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Ardennes (Belgium)

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Belgium : Wallonia : Ardennes
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Ardennes (Belgium)

Ardennes (Belgium) Banner.jpg

Not to be confused with the Flemish Ardennes, the Ardennes are a region of wooded hills and small mountains in south-eastern Belgium, Luxembourg and northern France, which merge with the similar German/Luxembourgian Eifel region in the east.

This article is about the Belgian part of the region, which spans parts of Liège (province), Luxembourg (province) and Namur (province). See the French Ardennes and Luxembourg Ardennes articles for information on the other parts of the region.

Understand[edit]

The Ardennes - which encompass both densely forested and agricultural areas - are considered to be one of the wildest regions in the surrounding part of Europe, and are an excellent destination for hiking, mountain-biking, kayaking, rock climbing and other kinds of active holidays. It is a scenic region that is also home to a number of historic towns. The Ardennes are also famous for the 'Battle of the Bulge' that took place there in WW2 and, consequently, contain numerous memorial sites.

Although the geological boundaries of the region are defined by the rivers Vesdre to the north and Semois to the south, tourist guides will often include the adjacent Belgian regions of Condroz, Pays d'Herve, Famenne, Gaume and the Ostkantons, which have a similar character.

The Ardennes are extensively forested and this image shows the Forest of Tancrémont, near Pepinster, in the Province of Liège
The Semois in Bouillon
The Viroin in Vierves-sur-Viroin, Viroinval.
View from Bomal station, Durbuy municipality.
Limbourg
Spa
19th century neighbourhood in Verviers.
The Meuse in Dinant
The Gilleppe dam

Towns[edit]

Though mainly worth visiting for its natural splendour and outdoor attractions, this region has a number of historic towns:

Province of Liège[edit]

  • Limbourg (pop: 5,680) — medieval hilltop village situated on a dramatic hill in a strategic bend of the Vesdre river and definitely one of Belgium's undiscovered pearls!
  • Spa (pop: 10,543) — elegant town which put the word spa into spa-town
  • Stavelot--
  • Malmedy — small town that was destroyed in WW2
  • Verviers (pop: 55,936) — overlooked by almost everyone, the biggest town in the Belgian Ardennes was one of the first places in the world outside Great Britain to be mechanically industrialised in the early 19th century, when British entrepreneur William Cockerill (and his son John) set up shop there in 1799. Verviers -- which is set in the dramatic valley of the Vesdre -- also contains many traces of its pre-mechanical history, which dates make to medieval times. While the town might not be everyone's cup of tea, it will certainly prove fascinating to many others!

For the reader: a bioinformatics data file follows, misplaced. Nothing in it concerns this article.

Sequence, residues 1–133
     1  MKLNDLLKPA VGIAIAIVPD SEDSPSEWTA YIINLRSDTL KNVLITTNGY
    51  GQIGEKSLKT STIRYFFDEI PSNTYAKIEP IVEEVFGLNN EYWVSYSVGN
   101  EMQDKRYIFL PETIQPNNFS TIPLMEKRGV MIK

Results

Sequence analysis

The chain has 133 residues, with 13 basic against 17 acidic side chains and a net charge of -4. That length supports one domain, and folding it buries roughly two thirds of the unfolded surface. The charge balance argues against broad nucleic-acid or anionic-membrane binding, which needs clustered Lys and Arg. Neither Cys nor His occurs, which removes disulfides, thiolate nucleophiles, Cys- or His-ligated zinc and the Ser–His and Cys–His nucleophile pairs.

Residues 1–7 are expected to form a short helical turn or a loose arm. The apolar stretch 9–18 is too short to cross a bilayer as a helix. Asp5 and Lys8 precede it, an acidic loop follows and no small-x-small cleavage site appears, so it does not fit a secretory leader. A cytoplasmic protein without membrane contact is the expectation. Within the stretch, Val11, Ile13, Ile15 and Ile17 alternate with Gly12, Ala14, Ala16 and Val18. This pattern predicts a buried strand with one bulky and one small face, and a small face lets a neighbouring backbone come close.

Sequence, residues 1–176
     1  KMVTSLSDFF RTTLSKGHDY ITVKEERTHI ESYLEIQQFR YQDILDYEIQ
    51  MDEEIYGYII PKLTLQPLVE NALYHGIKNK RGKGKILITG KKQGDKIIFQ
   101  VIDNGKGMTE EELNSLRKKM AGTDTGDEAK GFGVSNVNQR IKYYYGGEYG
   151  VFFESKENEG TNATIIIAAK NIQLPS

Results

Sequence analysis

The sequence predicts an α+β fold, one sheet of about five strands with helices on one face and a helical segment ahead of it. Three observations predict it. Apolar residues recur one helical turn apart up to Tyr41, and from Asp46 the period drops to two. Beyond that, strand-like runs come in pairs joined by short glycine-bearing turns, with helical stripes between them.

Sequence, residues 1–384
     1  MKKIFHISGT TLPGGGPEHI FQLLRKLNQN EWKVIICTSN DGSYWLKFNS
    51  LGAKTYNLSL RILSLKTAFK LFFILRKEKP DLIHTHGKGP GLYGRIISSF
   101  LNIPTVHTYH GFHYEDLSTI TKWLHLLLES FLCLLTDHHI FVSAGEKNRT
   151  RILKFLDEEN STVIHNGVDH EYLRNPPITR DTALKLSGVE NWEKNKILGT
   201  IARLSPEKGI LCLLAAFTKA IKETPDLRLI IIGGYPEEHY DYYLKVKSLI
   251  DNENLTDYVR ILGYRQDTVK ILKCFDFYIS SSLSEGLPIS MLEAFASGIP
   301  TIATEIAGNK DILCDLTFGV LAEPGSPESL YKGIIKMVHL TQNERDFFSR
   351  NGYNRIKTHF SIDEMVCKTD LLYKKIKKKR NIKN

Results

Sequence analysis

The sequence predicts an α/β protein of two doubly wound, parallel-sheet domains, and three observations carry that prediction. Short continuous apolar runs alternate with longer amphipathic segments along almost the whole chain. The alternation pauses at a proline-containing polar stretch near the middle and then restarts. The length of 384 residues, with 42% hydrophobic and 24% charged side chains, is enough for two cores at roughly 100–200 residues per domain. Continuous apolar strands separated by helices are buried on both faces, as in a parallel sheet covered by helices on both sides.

Province of Luxembourg[edit]

  • Bouillon — picturesque town in the deep valley of the Semois river that boasts an impressive citadel
  • La Roche-en-Ardenne — picturesque town on a bend in the River Ourthe, has a castle ruin, large church and WWII Museum.
  • Bastogne — site of an important WW2 battle
  • Durbuy — Boasts to be worlds smallest city, nice old town and impressive Topiary garden
  • Houffalize
  • Saint-Hubert

Province of Namur[edit]

Get in[edit]

The towns of Liège and Namur are the ideal gateways to the Ardennes and adjacent regions.

To get there from France, you can either travel via Luxembourg, or take a bus to Dinant from Givet on the border and connected to the French railway network.

Get around[edit]

By train[edit]

Regional trains on the following lines stop in the Ardennes, and provide a pleasant way to see the region:

  • Liège - Verviers - Eupen/Welkenraedt-Aachen
  • Pepinster - Spa
  • Liège - Rivage - Gouvy - Luxembourg
  • Liège - Rivage - Marloie - Jemelle - Libramont - Arlon
  • Libramont - Bertrix
  • Namur - Ciney - Marloie
  • Namur - Dinant - Bertrix - Arlon

The westernmost part of the Ardennes is served by the railway line from Liège to Couvin.

By bus[edit]

Buses are cheap and serve more destinations, though sometimes only once or twice a day.

By car[edit]

Having a car is the only way to be fully mobile in the Ardennes.

On foot and by bike[edit]

Of course, walking or cycling might be the reason you decided to visit the Ardennes in the first place. In that case, the Ravel network of foot and cycle paths is highly recommended!

See[edit][add listing]

WW2 sites[edit]

  • World War II Ardennes American Cemetery and Memorial [1] - The chapel contains maps and relief sculptures depicting the campaigns in the region. The N-63 from Liege to Marche-en-Famenne passes the entrance to the Memorial about 19 kilometers (12 miles) southwest of Liege. Open daily except December 25 and January 1; 9:00AM to 5:00PM; Free.

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